We're glad you asked! There are several reasons why some cost more than others:
The care taken during the final steps of manufacturing is one of the top determinations of why some patterns cost more.
Edges - In lower-priced patterns, a machine will typically stamp out a squared edge that is usually quick-polished to prevent very sharp edges. You may still have a sharp edge on the handle, but it's only sharp enough to be uncomfortable. The Silver Superstore does not sell patterns that have a rough edge like this.
Tines - Higher-priced patterns will have more care given to polishing the fork tines. While it's very subtle and subconscious, your lips and tongue will feel the slight roughness. When you eat with a pattern that has well-polished tines, it feels smooth all the way through. These patterns typically sell for $30 or more per place setting.
Roundness - Higher quality patterns can feature more rounded handles, and some will even be completely round.
There are three main methods for constructing a knife. The first method involves stamping a single piece of metal into the shape of a knife. The "blade" area is generally made a bit thinner, and is almost always serrated. This is the least expensive method for constructing a knife, and its cutting performance is poor to fair, depending on the manufacturer.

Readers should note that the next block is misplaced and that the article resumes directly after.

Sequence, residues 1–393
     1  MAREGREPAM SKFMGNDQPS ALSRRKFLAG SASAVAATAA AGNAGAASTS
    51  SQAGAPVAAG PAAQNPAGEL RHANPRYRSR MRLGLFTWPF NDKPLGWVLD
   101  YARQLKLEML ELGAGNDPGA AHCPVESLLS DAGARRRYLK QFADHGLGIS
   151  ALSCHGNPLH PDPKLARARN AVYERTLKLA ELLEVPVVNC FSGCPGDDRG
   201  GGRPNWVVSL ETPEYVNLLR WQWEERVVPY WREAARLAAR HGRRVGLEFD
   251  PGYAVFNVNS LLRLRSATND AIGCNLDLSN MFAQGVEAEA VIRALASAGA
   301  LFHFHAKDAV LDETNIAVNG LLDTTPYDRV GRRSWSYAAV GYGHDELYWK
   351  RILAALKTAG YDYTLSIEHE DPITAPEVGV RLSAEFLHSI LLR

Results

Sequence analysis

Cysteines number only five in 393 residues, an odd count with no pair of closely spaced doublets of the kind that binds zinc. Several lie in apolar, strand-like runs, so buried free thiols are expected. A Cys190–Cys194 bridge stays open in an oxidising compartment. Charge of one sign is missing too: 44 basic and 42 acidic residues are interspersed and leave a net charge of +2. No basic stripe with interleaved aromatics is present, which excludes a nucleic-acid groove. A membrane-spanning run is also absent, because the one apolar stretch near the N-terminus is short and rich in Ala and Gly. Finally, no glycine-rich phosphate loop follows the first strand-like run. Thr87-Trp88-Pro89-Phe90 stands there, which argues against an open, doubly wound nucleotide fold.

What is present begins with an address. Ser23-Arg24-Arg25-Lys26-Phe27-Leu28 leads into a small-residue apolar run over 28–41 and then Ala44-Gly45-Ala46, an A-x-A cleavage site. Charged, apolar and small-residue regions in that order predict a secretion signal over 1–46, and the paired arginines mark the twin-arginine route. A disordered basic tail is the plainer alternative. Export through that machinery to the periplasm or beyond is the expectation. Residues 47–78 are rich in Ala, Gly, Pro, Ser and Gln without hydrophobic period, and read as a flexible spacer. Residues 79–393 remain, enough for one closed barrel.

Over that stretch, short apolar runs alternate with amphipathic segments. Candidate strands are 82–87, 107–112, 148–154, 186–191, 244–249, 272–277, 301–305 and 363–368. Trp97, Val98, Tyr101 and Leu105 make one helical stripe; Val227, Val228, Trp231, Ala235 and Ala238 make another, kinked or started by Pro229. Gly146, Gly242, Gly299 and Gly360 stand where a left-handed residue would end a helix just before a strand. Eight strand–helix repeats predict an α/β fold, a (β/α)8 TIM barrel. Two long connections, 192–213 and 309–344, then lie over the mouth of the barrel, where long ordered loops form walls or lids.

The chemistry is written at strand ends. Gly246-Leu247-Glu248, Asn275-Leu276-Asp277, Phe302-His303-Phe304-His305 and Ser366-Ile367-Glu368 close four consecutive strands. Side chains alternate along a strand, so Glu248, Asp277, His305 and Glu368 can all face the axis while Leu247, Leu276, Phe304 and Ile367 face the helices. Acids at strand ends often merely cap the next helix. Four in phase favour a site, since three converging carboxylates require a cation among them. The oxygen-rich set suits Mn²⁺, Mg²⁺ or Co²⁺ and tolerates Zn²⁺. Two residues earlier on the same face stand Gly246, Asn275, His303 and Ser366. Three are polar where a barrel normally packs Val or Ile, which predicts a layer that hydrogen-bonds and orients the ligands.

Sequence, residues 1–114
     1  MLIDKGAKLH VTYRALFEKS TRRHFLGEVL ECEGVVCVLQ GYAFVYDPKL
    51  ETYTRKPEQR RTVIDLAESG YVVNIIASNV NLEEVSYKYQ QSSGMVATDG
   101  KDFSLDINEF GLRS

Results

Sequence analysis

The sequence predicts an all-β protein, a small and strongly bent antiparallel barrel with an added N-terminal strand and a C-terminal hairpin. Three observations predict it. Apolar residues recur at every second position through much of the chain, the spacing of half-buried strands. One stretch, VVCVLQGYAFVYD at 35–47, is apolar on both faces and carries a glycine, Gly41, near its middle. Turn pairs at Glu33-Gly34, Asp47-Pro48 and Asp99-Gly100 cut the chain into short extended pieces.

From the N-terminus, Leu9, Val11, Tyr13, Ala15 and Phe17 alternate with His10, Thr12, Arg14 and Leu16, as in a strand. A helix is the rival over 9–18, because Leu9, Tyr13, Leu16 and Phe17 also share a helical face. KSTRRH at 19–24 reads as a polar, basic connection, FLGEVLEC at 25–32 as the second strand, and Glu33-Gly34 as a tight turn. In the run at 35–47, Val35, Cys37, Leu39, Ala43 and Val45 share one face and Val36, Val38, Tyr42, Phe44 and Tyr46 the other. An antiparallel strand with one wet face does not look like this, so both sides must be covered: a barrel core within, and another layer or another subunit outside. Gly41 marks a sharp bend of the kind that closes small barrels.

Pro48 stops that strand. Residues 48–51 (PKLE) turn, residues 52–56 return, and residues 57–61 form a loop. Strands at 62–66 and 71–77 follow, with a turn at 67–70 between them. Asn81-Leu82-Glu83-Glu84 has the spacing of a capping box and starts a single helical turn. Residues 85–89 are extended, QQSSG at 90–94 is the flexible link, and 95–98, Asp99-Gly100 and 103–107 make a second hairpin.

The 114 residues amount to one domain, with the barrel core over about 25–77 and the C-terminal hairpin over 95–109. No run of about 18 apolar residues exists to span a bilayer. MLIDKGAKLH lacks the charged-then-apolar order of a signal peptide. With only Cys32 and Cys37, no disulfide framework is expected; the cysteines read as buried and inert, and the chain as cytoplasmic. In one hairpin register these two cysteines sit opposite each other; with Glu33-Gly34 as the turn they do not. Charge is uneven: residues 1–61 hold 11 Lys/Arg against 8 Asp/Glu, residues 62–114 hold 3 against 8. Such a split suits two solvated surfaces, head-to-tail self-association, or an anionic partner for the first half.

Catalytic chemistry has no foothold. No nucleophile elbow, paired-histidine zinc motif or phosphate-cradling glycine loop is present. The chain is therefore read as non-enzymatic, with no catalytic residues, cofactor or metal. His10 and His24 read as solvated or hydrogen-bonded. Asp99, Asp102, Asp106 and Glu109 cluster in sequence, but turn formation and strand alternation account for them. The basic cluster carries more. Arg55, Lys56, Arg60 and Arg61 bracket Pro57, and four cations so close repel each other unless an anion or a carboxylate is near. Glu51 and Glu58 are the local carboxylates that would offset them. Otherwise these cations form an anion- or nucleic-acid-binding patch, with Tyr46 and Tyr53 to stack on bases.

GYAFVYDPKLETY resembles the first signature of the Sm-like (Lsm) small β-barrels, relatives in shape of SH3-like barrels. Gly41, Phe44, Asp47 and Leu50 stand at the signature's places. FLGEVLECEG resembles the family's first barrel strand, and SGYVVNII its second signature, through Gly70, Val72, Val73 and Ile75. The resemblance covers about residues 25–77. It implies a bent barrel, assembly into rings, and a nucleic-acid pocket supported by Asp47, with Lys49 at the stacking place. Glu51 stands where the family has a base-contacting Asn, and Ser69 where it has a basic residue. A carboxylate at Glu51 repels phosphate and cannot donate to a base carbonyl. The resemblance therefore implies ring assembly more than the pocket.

The second method is to use the "drop forge" technique, where molten steel is poured into a mold, and is fashioned into the shape of a knife. Again, the "blade" area is made thinner than the handle, and is also usually serrated. Most manufacturers who use this technique will spend a little more time on the blade finishing, and its performance is fair to moderate.
The third method is to use a hollow knife handle, insert a high-quality carbon-steel cutting blade, then sealing the two together. These knives are called "hollow handle" knives. With this technique, the manufacturer can offer a variety of different quality knife blades. Many of these blades are serrated, but in the higher quality of patterns they are not, due to their already superior cutting edge. The performance of this type of knife is moderate to excellent.